Business & Real Estate

Fitness studios, gyms combine creativity with technology to keep students hanging on

 Vera Szepesi
Courtesy of Vera Szepesi
Esprit de Core owner and instructor Vera Szepesi watches her student for form during a Pilates session on Zoom. Szepesi has been offering one-on-one trainings during the lockdown.

Owners of local fitness studios and gyms face a loss of revenue during the pandemic while still expected to pay rent, overhead and maintenance fees.

Vera Szepesi, owner of Esprit de Core Pilates Studio in Los Altos, negotiated with her landlord while her studio is closed to defer April’s rent, but her other operating expenses were simply pushed to May.

“We have applied for (a Small Business Association) loan to help with those costs, but no funds have been distributed yet, so we are really on our own for now,” she said.

But Szepesi’s primary concern remains her clients. In addition to workouts, she and the owners of other fitness studios strive to instill a sense of community during a quarantine expected to last for at least another month.

Szepesi said personalizing fitness means no pre-recorded livestream classes, but she checks in with the 65% of her clients still receiving instruction via text, call or Zoom conference.

“Pilates is a great way for seniors and people recovering from injuries to stay active, and many of our clients are in those categories,” she said. “We believe that keeping classes small and interactive is important, both at the studio and in our virtual classes.”

Jen Donat of Transform Fitness in Mountain View said she tries to keep her clients engaged through impromptu services such as Zoom “Whine Wednesday” happy hours. She hosts games of quarantine bingo that feature fitness challenges to give people a sense of purpose while sheltering in place and encouraging activities like posting “quaran-scene” photos – shots that are real and messy, not posed to look one’s best.
Each Transform Fitness instructor has his or her own method for checking in with clients, such as posing a question of the day.

“I find our instructors and members are all feeling stress in a different way,” Donat said. “We are not in the same boat at all. Our experiences and how we choose to deal with them are all very different and very personal. … Instructors are here to lift us up and remind everyone to be kind to themselves.”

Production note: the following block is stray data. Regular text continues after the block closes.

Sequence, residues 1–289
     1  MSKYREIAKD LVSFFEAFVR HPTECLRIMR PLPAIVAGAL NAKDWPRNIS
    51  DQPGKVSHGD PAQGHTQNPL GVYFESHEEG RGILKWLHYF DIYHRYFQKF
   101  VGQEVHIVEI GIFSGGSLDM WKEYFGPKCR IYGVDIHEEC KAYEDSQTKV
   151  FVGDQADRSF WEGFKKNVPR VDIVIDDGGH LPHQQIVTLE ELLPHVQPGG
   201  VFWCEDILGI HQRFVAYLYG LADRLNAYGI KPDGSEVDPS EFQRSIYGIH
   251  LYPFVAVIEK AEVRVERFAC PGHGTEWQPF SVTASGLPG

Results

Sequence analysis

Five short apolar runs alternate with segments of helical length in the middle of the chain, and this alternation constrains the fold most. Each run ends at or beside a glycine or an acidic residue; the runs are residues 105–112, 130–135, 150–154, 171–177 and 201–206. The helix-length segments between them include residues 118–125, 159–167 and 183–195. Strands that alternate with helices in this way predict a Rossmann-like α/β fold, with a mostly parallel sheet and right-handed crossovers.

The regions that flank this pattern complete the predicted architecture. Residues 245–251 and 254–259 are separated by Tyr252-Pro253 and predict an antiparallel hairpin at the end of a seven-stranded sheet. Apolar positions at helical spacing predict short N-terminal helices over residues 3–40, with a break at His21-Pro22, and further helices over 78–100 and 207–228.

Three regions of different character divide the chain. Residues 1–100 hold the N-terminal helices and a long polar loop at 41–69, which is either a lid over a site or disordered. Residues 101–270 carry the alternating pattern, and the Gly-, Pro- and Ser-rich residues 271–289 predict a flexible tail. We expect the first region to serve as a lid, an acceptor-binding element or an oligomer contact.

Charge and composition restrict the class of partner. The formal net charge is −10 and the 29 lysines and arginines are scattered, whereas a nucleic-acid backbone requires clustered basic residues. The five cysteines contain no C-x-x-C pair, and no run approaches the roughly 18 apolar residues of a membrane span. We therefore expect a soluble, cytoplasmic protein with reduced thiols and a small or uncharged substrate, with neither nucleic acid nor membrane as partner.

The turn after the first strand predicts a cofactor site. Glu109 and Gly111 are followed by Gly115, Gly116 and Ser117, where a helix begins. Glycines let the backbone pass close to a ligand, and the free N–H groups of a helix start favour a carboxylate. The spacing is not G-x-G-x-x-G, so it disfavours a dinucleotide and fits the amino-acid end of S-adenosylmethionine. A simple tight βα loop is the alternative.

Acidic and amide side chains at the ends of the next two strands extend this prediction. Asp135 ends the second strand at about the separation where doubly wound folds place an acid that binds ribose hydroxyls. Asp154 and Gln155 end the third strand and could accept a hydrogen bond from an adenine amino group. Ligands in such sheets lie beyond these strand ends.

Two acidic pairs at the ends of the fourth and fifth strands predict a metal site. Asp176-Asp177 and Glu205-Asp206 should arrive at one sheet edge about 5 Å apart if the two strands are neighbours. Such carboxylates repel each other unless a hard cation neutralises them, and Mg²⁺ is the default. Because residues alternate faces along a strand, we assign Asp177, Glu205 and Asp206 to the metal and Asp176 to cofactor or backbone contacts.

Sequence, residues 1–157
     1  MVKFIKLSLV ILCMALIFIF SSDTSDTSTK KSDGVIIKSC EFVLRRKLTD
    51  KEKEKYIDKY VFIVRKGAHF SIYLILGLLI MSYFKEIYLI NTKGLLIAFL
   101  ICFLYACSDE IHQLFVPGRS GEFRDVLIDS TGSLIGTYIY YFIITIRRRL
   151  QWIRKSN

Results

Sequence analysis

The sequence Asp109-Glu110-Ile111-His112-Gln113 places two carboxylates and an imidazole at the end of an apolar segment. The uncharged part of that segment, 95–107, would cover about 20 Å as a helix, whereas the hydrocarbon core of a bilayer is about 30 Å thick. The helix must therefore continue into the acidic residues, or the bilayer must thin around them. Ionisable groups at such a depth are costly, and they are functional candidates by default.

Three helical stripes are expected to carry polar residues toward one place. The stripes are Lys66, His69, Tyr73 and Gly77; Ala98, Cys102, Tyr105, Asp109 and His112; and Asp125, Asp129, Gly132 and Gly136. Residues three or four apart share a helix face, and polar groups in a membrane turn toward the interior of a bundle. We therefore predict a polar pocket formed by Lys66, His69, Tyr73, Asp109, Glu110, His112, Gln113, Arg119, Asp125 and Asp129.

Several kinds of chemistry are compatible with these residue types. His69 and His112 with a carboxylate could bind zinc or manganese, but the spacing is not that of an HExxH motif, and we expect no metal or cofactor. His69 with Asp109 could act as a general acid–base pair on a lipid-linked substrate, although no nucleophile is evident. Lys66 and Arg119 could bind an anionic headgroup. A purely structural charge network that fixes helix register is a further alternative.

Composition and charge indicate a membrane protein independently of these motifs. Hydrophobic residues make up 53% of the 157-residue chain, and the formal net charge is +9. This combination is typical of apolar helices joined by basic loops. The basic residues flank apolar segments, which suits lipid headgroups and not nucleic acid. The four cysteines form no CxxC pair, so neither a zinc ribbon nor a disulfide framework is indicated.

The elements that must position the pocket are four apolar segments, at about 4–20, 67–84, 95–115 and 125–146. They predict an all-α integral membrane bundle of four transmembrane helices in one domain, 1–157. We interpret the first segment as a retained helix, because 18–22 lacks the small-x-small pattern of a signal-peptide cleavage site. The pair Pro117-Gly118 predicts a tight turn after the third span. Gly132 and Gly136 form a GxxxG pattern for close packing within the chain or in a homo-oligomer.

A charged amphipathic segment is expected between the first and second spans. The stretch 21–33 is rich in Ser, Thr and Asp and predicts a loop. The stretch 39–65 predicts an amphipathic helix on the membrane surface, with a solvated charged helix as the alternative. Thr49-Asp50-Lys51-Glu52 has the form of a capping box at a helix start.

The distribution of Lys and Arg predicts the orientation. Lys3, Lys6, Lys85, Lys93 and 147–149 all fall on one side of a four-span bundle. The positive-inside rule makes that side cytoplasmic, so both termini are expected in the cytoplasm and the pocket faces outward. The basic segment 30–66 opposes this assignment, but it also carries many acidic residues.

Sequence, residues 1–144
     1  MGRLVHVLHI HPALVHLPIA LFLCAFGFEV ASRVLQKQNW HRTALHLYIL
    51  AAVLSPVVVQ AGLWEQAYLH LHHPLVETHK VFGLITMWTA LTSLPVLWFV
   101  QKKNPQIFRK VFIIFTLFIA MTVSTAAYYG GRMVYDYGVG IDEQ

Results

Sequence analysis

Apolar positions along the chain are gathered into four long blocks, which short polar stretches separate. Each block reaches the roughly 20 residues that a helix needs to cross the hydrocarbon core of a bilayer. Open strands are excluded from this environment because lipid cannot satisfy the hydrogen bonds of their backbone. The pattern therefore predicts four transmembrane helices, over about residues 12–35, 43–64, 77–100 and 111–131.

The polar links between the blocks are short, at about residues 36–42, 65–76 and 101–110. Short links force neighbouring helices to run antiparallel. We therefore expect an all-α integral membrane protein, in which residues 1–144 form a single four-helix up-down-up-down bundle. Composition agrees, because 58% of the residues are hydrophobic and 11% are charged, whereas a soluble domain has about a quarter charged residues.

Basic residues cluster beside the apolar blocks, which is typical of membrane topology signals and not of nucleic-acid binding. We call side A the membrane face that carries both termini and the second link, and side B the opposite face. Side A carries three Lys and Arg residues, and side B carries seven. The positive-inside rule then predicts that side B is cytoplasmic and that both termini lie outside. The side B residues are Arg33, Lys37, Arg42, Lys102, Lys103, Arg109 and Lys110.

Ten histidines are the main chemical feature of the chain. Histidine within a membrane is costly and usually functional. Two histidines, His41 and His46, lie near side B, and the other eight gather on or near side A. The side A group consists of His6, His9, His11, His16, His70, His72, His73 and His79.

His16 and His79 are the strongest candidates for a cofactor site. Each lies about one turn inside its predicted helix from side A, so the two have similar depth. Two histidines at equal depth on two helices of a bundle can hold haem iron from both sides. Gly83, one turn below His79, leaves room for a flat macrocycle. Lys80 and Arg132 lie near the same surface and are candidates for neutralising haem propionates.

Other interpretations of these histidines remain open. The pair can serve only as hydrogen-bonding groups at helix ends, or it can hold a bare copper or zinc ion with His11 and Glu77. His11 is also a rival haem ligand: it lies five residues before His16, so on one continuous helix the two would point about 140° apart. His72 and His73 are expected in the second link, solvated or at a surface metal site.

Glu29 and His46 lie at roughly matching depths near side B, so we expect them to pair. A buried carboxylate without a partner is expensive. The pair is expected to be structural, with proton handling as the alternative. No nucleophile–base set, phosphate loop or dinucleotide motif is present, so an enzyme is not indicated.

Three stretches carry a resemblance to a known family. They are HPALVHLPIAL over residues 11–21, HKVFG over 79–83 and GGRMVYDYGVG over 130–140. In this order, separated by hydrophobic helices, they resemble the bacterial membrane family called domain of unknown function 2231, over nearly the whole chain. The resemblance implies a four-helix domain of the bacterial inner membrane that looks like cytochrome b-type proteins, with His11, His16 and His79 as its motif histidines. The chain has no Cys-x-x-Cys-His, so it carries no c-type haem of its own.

Keeping spirits up

Reena Vokoun, owner of Passion Fit in Los Altos and a Town Crier columnist, offers free Instagram and Facebook live classes for those worried about their finances and need stress-relieving strategies. In an Instagram Live session last week, Vokoun discussed feeling burned out during quarantine and offered tips for how to work through it in one’s personal and professional lives.

“This is a tough time for everyone, but you’re not alone and we’ll all get through it and come out stronger together,” Vokoun told followers on her social media.

F.I.T. owners Thom and Tracey Downing have created an entirely new website – Focused At Home – for customers during the lockdown that includes free online kids PE classes, guided meditations for anxiety, resources with new workouts, activities and ideas for uplifting tasks to do.

“Amidst everything going on, we want to ensure you have what you need to stay healthy and sane,” F.I.T.’s website reads.

The Downings are also holding virtual office hours, including a “hump day happy hour.”

Several other local studios are offering online classes, including Alkalign Studios, Barre3 and Yoga of Los Altos. Alkalign is conducting a four-week parenting program during the outbreak, and Barre3 is offering journal prompts so that students can maintain their mental as well as physical well-being.

Momentum Cycling in Los Altos remains closed.


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